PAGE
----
By William Butler Yeats
When you are old and grey and full of sleep,
And nodding by the fire, take down this book,
And slowly read, and dream of the soft look
Your eyes had once, and of their shadows deep;
How many loved your moments of glad grace,
And loved your beauty with love false or true,
But one man loved the pilgrim soul in you,
And loved the sorrows of your changing face;
And bending down beside the glowing bars,
Murmur, a little sadly, how Love fled
And paced upon the mountains overhead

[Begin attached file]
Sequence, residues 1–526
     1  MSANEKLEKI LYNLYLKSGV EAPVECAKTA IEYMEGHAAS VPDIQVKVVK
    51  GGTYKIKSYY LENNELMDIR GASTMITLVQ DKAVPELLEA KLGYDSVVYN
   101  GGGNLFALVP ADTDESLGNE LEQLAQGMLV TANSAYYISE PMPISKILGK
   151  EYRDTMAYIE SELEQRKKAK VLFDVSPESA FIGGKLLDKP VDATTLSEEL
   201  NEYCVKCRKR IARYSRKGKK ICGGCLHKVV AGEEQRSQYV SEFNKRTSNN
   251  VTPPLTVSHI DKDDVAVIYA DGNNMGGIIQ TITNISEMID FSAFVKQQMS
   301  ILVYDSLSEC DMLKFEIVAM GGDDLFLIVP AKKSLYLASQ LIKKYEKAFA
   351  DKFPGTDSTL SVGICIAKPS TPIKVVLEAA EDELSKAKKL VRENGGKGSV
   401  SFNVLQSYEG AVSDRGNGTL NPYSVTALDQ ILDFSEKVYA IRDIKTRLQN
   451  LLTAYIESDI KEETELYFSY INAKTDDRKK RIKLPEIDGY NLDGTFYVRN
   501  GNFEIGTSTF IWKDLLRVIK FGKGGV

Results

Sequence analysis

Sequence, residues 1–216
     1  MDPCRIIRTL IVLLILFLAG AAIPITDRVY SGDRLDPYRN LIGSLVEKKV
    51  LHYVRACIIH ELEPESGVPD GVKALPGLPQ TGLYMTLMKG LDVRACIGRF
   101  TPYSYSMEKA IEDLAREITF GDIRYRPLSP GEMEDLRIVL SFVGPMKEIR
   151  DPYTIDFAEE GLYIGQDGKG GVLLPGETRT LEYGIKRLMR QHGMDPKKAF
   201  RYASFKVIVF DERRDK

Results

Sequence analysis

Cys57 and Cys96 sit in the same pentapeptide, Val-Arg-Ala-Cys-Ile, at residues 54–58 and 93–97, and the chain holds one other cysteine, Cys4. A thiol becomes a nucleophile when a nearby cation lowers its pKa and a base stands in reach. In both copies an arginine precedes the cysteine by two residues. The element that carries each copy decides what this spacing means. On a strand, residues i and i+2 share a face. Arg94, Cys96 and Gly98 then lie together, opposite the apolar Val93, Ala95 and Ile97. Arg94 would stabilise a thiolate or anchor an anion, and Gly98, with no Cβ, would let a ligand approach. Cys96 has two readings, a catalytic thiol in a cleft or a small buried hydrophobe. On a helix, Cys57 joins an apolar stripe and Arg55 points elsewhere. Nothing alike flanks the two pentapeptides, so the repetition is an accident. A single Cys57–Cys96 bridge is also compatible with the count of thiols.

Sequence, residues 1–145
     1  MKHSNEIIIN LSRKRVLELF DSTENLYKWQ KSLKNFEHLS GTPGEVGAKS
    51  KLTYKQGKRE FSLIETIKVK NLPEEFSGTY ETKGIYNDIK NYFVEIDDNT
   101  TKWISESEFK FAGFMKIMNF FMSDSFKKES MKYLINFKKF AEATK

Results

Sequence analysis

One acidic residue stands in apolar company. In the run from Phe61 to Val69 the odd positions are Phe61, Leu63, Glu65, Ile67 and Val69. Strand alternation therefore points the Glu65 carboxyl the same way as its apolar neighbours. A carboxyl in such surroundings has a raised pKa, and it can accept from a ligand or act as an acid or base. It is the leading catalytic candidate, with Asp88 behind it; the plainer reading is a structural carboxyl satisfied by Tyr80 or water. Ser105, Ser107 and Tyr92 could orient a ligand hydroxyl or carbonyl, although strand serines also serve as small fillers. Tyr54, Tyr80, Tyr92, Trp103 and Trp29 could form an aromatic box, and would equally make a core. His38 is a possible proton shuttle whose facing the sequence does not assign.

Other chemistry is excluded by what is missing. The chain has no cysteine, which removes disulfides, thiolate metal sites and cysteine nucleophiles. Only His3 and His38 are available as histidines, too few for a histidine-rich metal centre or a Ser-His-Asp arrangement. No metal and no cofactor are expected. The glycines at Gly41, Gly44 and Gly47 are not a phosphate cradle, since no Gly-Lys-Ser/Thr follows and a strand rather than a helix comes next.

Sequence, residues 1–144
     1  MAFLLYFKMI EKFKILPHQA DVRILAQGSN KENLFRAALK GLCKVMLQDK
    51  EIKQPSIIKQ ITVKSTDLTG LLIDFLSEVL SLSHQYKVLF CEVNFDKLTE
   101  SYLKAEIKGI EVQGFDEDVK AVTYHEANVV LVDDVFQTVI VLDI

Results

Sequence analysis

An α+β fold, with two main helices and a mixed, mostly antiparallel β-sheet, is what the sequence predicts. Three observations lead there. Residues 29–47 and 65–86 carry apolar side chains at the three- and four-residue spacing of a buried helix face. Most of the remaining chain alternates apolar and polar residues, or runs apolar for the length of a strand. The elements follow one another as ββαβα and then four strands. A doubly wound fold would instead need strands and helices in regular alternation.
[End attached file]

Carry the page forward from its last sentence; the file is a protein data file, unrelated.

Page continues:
And hid his face amid a crowd of stars.
Source: The Collected Poems of W. B. Yeats (1989)
Born in Dublin, Ireland, William Butler Yeats was an enormously influential poet and playwright, whose work formed a clear link between the Romantic and Modern eras. His strong nationalism appeared in his poetry through the recurrent themes of Irish mythology and folklore. Yeats became deeply involved in Irish politics and was even appointed a senator of the Irish Free State. In 1923 he was awarded the Nobel Prize for Literature.
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